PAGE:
Zinnia returned with a tray bearing a steaming tea pot, two cups, and a plate of brown bread. “I trust you don’t take sugar or cream in you tea. I never do. It’s bad for the constitution.”
“Plain is fine.”
Zinnia poured the amber tea into to cups and handed one to Hazel. Hazel brought the tea to her nose. It smelled like dirt and flowers, just like the house. She put the cup back down. When Zinnia offered the plate of bread, Hazel took a slice. It was coarse and dense.
“Would you happen to have any butter or jam?” she said.
Zinnia frowned. “Butter and jam are the quickest path to an early grave, mark my words. You’d do well to go without.”
Zinnia’s hospitality was becoming increasingly thin. Hazel gave a tight smile. “Of course,” she said and nibbled on the dry bread.
They drank their tea in silence. Zinnia’s gaze kept darting to the wolf statue and back to Hazel, and then she’d narrow her eyes and sip her tea. It was terribly unsettling, though Hazel did her best to try and not let it show.
She waved to the surrounding shelves. “So where did you find all this… treasure?”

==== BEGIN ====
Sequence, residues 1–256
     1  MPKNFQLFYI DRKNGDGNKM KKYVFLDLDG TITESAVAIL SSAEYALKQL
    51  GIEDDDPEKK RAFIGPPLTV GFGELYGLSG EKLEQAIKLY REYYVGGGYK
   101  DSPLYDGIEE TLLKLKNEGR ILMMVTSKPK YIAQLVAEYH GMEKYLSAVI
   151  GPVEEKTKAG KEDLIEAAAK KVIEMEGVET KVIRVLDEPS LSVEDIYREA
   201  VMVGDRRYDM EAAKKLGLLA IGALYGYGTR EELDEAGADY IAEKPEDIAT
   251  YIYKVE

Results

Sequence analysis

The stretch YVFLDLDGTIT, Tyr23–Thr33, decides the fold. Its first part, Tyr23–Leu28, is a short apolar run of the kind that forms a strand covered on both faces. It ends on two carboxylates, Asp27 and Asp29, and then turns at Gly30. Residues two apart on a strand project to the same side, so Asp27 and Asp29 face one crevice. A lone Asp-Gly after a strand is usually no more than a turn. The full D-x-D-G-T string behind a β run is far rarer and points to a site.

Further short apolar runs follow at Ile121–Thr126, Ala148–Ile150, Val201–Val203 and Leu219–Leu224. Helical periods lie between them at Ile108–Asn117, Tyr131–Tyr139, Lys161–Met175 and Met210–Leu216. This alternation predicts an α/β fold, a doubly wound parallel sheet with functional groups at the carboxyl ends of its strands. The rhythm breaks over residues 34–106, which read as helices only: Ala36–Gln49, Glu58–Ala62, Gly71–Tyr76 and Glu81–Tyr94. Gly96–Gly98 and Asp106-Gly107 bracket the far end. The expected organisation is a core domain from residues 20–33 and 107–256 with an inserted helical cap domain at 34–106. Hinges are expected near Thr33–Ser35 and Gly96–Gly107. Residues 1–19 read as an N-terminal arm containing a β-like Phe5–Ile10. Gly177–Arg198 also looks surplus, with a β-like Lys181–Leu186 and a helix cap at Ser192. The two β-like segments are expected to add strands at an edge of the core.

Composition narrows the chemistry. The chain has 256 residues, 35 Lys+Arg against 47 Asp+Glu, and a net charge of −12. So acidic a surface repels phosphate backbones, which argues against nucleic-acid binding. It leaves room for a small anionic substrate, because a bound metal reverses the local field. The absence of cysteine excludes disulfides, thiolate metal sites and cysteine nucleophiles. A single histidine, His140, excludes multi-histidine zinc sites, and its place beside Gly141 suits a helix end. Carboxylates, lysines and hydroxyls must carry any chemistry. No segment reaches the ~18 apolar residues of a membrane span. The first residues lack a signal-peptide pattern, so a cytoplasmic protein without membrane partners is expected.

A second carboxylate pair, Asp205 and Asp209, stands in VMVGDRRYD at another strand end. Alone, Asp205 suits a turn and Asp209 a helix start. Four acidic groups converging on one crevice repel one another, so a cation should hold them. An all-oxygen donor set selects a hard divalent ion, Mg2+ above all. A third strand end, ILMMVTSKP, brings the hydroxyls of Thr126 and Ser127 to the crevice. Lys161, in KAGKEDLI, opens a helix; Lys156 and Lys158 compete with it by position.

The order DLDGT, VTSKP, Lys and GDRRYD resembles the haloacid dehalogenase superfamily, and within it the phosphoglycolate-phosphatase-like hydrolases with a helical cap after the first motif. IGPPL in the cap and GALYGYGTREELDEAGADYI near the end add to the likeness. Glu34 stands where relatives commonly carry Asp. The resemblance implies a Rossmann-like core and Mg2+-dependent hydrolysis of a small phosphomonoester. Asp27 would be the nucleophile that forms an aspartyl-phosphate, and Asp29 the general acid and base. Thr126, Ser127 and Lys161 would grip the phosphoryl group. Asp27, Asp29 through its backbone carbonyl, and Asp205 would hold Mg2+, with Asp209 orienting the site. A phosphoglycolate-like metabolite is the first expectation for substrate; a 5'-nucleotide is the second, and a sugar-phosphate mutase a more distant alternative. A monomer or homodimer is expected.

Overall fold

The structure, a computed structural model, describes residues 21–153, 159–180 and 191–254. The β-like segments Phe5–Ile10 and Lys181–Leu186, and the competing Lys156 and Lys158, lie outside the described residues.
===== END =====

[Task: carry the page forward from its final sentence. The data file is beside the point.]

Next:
“Here and there,” Zinnia said.
They fell back into silence.
There was a scratching sound, and then Chester scampered across the floor and under the table. Hazel’s face grew hot, but Zinnia seemed not to have noticed the mouse. Her unwavering gaze remained fixed on Hazel.
“The bread is certainly wonderful. I wonder if I could get the recipe.”
Hazel blinked. Refusal to share a food recipe was considered rude. Given that all other recipes—be they for spells or potions—were closely guarded secrets, sharing recipes for meals was considered a show of good faith; a way to connect in an otherwise secretive world. “I beg your pardon?”
Zinnia narrowed her eyes. “You come to my home, telling me lies, and then expect me to share a recipe with you? I think not.”
Hazel swallowed. “I don’t know what you mean.”
Zinnia slammed her cup onto the table, spilling tea onto the polished wood. “You think I don’t see what goes on in here? Brother Wolf watches, he’s seen what you’ve done.” She got up from her chair. “Thief!”
Hazel also got up. “You’re right, I shouldn’t have come here.” She fished out the trinkets Chester had procured and put them on the table. “I shouldn’t have let Holly talk me into this foolish plan of hers. I apologize. Sincerely. I’ll fetch the mouse and never bother you again. You have my word.”
Zinnia took a step forward. “The mouse stays.”
Hazel frowned. “What would you want with that filthy creature?”
“Payment for your trespass.”